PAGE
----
Wednesday, February 20, 2013

20-Feb-13: Samer Issawi and the efficacy of hunger strikes as a mask for ongoing terrorism

The caption on this AFP photo reads: "Samer al-Issawi's mother attends
a solidarity sit-in  
outside the Red Cross offices in Jerusalem"
[Image Source]

There is another sickening campaign getting underway to turn a hunger-striking convicted murderer into a figure of admiration for people who can't bother to understand terrorism or the people who do it.  

Samir Tariq Ahmad Muhammad is one of the 1,027 Palestinian Arab terrorists who walked free in October 2012 as Israel bowed to jihadist extortion in the Shalit Transaction to secure the release of a young hostage illegally held for more than five years by the terrorists of Hamas. You can see him in the published Israel Prison Service list issued at the time: look for ID number 037274735.

Like some other stupendously luckier-than-smart Palestinian Arab prisoners serving long terms in prison for acts of terrorism against Israelis, this one was re-arrested in April 2002 and put back behind bars to serve the balance of his term because of an infringement of the conditions (yes, there were certainly conditions) of his completely unjustified, unjust and wrongful October 2011 return to freedom and open society.

A report yesterday by Tamar Sternhall from the excellent CAMERA organization ("Neglected Facts About Hunger-Striking Samer Issawi") explains that this Samir Muhammad is now operating under the simpler name Samer Issawi. His home town is Issawiya, on Jerusalem's northern edge, and so in some places they call him Samer Tareq al-Issawi. As CAMERA's article points out, "multiple names are not uncommon among Palestinians".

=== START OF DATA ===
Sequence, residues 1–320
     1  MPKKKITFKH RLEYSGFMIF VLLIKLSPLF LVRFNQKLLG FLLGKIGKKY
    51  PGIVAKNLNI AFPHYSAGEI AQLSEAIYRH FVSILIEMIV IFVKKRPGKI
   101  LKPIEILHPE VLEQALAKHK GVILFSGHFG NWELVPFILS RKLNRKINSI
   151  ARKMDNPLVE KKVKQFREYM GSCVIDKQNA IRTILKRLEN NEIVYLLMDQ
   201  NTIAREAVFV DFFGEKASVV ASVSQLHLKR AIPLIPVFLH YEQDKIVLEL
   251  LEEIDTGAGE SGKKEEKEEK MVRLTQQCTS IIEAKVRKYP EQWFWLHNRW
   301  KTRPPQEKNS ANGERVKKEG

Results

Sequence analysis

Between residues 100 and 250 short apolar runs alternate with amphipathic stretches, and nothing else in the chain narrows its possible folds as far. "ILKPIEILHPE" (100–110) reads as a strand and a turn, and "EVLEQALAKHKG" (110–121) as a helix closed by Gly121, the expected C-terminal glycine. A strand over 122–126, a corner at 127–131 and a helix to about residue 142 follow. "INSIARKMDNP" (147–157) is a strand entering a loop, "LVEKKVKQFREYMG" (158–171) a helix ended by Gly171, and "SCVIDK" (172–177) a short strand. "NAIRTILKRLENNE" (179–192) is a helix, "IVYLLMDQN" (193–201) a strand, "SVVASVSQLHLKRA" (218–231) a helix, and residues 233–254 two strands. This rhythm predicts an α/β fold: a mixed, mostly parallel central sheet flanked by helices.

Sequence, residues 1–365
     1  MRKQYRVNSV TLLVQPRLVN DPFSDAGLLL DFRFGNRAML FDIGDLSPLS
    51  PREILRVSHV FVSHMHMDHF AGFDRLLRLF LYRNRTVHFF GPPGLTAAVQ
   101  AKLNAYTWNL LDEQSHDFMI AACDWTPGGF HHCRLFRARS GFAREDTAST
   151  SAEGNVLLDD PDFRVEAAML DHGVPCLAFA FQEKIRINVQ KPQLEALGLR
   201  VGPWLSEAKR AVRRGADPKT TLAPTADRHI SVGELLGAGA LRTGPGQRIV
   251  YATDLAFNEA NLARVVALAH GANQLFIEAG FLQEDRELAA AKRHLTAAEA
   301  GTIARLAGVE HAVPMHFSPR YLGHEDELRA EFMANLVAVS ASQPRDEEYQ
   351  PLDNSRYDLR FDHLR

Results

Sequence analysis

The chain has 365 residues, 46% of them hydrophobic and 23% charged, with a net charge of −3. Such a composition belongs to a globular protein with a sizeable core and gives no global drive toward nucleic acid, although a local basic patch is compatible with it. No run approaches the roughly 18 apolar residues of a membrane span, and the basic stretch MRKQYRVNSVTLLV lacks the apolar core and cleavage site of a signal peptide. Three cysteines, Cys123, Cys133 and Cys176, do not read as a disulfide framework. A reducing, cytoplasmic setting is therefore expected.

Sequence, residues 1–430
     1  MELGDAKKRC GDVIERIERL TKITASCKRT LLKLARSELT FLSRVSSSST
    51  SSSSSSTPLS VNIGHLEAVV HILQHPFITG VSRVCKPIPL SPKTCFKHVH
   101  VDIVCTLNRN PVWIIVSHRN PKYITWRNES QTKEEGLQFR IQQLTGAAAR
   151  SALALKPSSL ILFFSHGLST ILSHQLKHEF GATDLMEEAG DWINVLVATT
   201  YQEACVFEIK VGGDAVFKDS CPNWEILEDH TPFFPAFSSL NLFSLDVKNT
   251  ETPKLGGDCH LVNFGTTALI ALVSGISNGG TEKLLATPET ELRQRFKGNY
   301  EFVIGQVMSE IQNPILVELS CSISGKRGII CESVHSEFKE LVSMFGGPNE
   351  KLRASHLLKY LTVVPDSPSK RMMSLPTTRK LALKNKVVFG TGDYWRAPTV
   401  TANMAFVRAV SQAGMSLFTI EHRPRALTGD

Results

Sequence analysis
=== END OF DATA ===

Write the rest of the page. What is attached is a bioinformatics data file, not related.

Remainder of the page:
Issawi was convicted of attempted murder, possession of weapons and explosives, and other charges relating to membership of a prohibited terrorist organization. He was sentenced to 26 years in prison. Then came the Shalit Transaction... and then some time after that his re-arrest. 

He is behind Israeli bars again and - for the present - there is no other Israeli hostage whose life can be cynically traded for the freedom of terrorists like him. So he and others have moved on to Plan B.

The jihadist is already on the
road to becoming an icon in
terrorism-friendly circles
By indulging in a kind of hunger strike (the Palestinian minister of prisoner affairs says he has been observing it intermittently since August), he joins other murder-minded jihadists in bidding for media attention and sympathy for the hungry underdog via performance theatre [see this YouTube clip], protest clashes with Israeli police, Facebook pages, Twitter campaigns, online "action" alerts and muffin bake-offs (alright so we invented the last one). His chances of succeeding are not bad if you take into account how this kind of thing works. See, by way of illustration, what we posted here ["12-Feb-13: A picture, and the thousand words it does not tell"] a few days ago about the media's fawning and extremely selective attention on another freed/reincarcerated terrorist, Mahmud Abdallah Abd al-Rahman Abu Sariya. 

AFP's syndicated report says he is a long-term security prisoner who was freed and re-arrested on July 7, 2012 and began his hunger strike on August 1, 2012. Why was he originally arrested and sentenced to a long-term sentence? Don't ask AFP. Other than referring to him simply as one of the "long-term security prisoners who were initially released by Israel under a prisoner swap deal in October 2011", they're not telling.

Associated Press says nothing in its report about how this Issawi got onto the wrong side of the Israeli justice system in the first place. All its reporter manages to disclose on the subject is 
Issawi's original sentence was 26 years "for a terrorist act" but he had served only six years
which is a direct quote from the lady who serves as spokesperson for the Israel Prison Service. How hard can it be, we wonder, for someone working for one of the world's most influential sources of news reporting to find out how this terrorist got convicted and sent to prison in the first place? Doesn't it matter to them? Or to the consumers of their news reports?

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